. . . about a variety of subjects

Aqueon versus Aqua Clear filters

This is a re-written product review based on a response I posted at Badman’s Tropical Fish forums this morning.

The question was regarding densely packed bubbles collecting on the surface of the water.  First the what, why and how to get rid of this phenomena, if it is a sign of trouble in the tank.

The last, first;  Yes, it is an early warning sign.  The bubbling is a sign there is a protein build up due to one or more factors; poor water circulation from a dirty, clogging or exhausted filter media.  Additionally, over feeding and/ or a carcass decaying in the tank could be adding to the problem.  We have taken care of the what and a couple of whys.

How do we correct this problem?

Look at the surface of the water, can you detect less motion than you normally see after your regular water changes.  You are checking your filter, heater and so forth at that time, every time, right?  Of course you are.

If there are no decaying carcasses, on to the filter.

Turn the filter off.  Drain off a quart or so of tank water into a pail, bowl or some other wide and deep container.  Next remove your intake tube or hose.  Is your intake clogged by debris, slimy colonies, a dead fish, some (detested) pond snails you did not know you had?  Clear the intake.  Remove the filter media, wash in that tank water you just set aside.  Check the filter box for the same problems.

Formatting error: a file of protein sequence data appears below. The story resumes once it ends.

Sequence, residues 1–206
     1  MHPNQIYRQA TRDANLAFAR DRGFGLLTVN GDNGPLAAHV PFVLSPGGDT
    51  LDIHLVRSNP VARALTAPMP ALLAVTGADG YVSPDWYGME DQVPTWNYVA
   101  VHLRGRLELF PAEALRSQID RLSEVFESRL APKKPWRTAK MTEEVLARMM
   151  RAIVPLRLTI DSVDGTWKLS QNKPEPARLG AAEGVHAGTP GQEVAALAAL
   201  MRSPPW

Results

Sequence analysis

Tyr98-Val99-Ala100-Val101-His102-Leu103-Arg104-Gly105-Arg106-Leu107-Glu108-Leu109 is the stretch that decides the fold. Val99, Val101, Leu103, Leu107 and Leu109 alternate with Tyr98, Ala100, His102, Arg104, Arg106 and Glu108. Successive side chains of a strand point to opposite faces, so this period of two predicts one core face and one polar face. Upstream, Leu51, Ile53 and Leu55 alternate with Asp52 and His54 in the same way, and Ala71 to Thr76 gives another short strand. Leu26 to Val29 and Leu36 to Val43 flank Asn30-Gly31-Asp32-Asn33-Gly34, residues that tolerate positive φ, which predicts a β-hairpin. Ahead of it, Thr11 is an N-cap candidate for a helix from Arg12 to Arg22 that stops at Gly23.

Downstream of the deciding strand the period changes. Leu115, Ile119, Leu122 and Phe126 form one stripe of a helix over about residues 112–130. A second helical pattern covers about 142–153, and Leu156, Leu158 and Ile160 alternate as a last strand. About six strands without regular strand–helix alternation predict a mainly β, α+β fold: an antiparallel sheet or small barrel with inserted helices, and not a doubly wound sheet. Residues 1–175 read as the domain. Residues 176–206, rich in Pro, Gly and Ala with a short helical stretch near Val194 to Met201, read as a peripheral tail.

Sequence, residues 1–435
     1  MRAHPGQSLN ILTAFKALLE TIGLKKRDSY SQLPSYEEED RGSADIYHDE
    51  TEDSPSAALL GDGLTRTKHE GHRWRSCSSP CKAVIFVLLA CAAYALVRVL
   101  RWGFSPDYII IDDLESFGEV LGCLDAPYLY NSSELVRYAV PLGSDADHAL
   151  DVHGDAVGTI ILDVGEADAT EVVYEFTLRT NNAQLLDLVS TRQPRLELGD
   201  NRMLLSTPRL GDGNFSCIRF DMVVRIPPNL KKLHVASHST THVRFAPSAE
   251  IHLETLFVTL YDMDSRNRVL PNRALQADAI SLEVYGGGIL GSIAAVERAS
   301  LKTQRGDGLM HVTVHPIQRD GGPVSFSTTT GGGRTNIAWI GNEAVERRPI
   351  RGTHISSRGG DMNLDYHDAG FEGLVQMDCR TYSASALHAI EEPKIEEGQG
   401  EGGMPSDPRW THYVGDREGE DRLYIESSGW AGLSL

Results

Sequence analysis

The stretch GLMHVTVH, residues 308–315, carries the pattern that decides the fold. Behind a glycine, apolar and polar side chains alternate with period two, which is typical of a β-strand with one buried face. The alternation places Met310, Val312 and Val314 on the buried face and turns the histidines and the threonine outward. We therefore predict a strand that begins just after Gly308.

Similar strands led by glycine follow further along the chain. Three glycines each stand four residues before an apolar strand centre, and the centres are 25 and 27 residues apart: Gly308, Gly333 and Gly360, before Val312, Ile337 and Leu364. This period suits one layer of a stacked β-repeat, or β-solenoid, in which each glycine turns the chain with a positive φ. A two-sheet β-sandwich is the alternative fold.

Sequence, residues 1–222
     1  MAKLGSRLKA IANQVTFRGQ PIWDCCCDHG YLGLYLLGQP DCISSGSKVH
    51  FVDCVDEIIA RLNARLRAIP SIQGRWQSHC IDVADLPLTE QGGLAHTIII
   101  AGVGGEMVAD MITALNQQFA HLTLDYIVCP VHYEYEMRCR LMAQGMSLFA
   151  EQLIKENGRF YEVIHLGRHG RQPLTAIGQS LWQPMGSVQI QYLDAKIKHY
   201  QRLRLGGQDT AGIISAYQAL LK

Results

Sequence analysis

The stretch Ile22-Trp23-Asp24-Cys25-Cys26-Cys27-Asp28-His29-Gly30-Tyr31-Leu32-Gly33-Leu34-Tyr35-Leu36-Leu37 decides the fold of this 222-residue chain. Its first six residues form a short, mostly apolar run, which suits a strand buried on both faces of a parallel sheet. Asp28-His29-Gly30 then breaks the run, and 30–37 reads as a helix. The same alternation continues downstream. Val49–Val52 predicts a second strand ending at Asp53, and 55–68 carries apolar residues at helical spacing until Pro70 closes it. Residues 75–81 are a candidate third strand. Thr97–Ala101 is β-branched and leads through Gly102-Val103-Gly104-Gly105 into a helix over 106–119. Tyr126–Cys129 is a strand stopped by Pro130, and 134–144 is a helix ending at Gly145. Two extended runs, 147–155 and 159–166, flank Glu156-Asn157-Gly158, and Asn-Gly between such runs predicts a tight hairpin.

Do not ever wash the media in tap water. You just spent a dollar-two, ninety-eight on that bottle of water conditioner to remove all the chlorine and chloramide, remember? (yes, that is a real dollar amount, where is your sense of humor)

Reassemble all the parts, resolve not to let this happen again, or at least too frequently.  You can replace the quart of water with fresh, conditioned or aged water.